Post-yield strain, an indicator of bone ductility, of Control and Ribosylated groups for all donors is shown in Figure 3. Ribosylated “R” groups exhibited a significant decrease in post-yield strain (p<0.01), which is consistent with brittle material behavior. The means for the normalized data from all donors are shown in Figure 4 as a percentage of control value. The PTB treatment groups X1-X4 show a significant increase of post-yield strain versus the ribosylated group back to control levels (p<0.01).
For all donors, post yield strain was significantly reduced (P<0.01).
R-ribosylated, X1 & X2 0.015 M PTB for 3 & 7 days, respectively and X3 & X4 0.15 M PTB for 3 & 7 days, respectively. Mean values of Post-Yield Strain were calculated and then normalized as a percentage of Control value. The dashed line represents control level. For all PTB treatments post-yield strain increased from the ribosylated value, (P<0.01).
The strain ratio for each specimen, calculated by dividing ultimate strain by yield strain, represents the amount of energy dissipated pre- and post-yield and amplifies any significant changes in post-yield behavior. As shown in Figure 5, strain ratio was increased by glycation for all donors (p<0.05). Values for strain ratio were normalized against controls and the mean for each treatment group was calculated. Figure 6 shows the means for the PTB experimental groups (X1-X4) against the ribosylated group (R). For all treatment groups, strain ratio decreased toward control levels as represented by the dashed line. All treatment groups had a significant reduction in the strain ratio as compared to the ribosylated group (X1&X2 p<0.001, X3&X4 p<0.05).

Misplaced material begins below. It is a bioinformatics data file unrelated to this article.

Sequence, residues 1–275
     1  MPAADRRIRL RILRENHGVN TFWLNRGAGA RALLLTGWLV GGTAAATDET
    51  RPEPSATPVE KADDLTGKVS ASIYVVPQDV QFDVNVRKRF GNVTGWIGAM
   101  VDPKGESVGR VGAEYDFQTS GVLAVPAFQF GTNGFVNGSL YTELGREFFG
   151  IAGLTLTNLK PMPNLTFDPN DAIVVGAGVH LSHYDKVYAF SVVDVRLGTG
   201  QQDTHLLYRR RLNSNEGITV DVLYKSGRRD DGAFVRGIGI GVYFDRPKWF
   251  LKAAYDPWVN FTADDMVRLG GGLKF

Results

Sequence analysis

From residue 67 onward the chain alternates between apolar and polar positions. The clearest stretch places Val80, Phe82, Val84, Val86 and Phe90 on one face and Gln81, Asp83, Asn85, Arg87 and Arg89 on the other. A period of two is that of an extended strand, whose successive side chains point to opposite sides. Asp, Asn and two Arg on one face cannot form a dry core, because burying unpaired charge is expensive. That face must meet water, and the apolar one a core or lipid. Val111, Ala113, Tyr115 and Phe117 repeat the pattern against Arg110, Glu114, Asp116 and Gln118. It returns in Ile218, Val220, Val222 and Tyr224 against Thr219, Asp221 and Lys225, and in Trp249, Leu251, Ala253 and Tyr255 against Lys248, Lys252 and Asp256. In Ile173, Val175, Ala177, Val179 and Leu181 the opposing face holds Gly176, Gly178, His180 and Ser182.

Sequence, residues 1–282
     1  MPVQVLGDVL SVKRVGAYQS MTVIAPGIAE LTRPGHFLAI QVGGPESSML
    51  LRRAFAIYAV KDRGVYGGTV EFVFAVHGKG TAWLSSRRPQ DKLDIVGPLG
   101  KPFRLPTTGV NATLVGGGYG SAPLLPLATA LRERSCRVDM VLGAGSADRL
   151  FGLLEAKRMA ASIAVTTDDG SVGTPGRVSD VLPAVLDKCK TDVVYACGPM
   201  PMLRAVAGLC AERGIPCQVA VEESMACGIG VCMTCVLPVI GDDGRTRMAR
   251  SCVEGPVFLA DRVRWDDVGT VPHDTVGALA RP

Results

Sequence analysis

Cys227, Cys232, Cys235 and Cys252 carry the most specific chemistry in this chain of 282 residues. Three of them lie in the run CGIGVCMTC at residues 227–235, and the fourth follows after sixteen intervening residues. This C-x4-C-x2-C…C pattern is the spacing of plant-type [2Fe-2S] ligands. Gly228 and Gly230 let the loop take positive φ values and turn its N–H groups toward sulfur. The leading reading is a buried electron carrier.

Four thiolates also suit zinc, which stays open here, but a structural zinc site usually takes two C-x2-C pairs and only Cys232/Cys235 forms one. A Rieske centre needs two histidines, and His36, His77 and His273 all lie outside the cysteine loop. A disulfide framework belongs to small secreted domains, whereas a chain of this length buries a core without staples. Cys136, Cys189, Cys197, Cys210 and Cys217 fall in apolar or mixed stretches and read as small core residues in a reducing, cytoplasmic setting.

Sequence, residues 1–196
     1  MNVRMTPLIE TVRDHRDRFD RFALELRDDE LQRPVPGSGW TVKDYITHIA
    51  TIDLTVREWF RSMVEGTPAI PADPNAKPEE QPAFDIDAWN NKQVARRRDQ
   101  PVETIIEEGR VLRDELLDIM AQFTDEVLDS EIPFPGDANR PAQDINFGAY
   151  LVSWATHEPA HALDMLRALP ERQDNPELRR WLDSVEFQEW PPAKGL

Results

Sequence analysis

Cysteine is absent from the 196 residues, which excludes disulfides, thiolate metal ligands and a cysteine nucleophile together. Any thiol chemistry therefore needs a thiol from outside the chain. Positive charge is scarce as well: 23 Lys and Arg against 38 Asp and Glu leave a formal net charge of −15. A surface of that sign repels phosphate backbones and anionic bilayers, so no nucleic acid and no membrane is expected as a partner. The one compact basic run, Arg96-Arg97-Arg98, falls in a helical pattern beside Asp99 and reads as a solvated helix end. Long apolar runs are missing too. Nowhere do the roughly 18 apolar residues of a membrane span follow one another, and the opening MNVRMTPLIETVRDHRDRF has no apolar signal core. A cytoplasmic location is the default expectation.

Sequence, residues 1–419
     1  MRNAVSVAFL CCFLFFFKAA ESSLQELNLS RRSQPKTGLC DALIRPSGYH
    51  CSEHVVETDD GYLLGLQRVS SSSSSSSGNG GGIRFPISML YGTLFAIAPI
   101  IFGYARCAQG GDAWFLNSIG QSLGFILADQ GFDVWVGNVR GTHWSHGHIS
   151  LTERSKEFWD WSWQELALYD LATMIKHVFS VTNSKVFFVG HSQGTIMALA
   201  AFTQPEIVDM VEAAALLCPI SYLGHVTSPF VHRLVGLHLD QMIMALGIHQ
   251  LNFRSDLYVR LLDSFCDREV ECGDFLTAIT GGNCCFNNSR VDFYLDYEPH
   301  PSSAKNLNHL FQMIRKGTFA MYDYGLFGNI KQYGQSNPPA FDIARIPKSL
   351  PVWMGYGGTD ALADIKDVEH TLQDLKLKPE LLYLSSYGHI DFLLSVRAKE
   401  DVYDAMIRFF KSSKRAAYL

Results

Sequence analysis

For all donors, strain ratio was significantly increased (P<0.05) after glycation.
R-ribosylated, X1 & X2 0.015 M PTB for 3 & 7 days, respectively and X3 & X4 0.15 M PTB for 3 & 7 days, respectively. Mean values of Strain Ratio were calculated and then normalized as a percentage of Control value. The dashed line represents control level. For all PTB treatments strain ratio decreased from the ribosylated value, (*P<0.001, **P<0.05).
One of the relevant age-related changes in bone quality is the accumulation of AGEs in bone's organic matrix , , –. At the macro-level, AGEs directly affect bone by reducing its post-yield material properties , . On a micro-level, AGEs indirectly affect bone by slowing the remodeling process, allowing micro-damage and AGEs to accumulate at a greater rate , –. Here for the first time, we show the ability of n-Phenacylthiazolium Bromide to improve the quality of existing bone matrix by cleaving established AGE crosslinks known to accumulate with aging, disease, and the anti-resorptive treatment of osteoporosis.
PTB was originally identified as a potential crosslink breaker because of the susceptibility of AP-ene-dione-derived protein crosslinks to cleavage by certain thiazolium salts , . PTB consists of nucleophilic centres at the thiazolium-2 position and the α-position of the N-substituent. These nucleophilic centres react with the carbonyl groups of an AGE crosslink to form a five-membered ring and thereby convert the carbonyl-group carbons to a tetrahedral geometry which facilitates spontaneous cleavage at physiological pH. When applied in practice, PTB was shown to selectively cleave established AGE crosslinks in vitro and in vivo by Vasan et al. . Using their work as a baseline, we applied PTB to human bone previously subjected to non-enzymatic glycation. This resulted in a decrease in total AGE content, demonstrating the viability of PTB treatment for both old and young bone (Figure 2).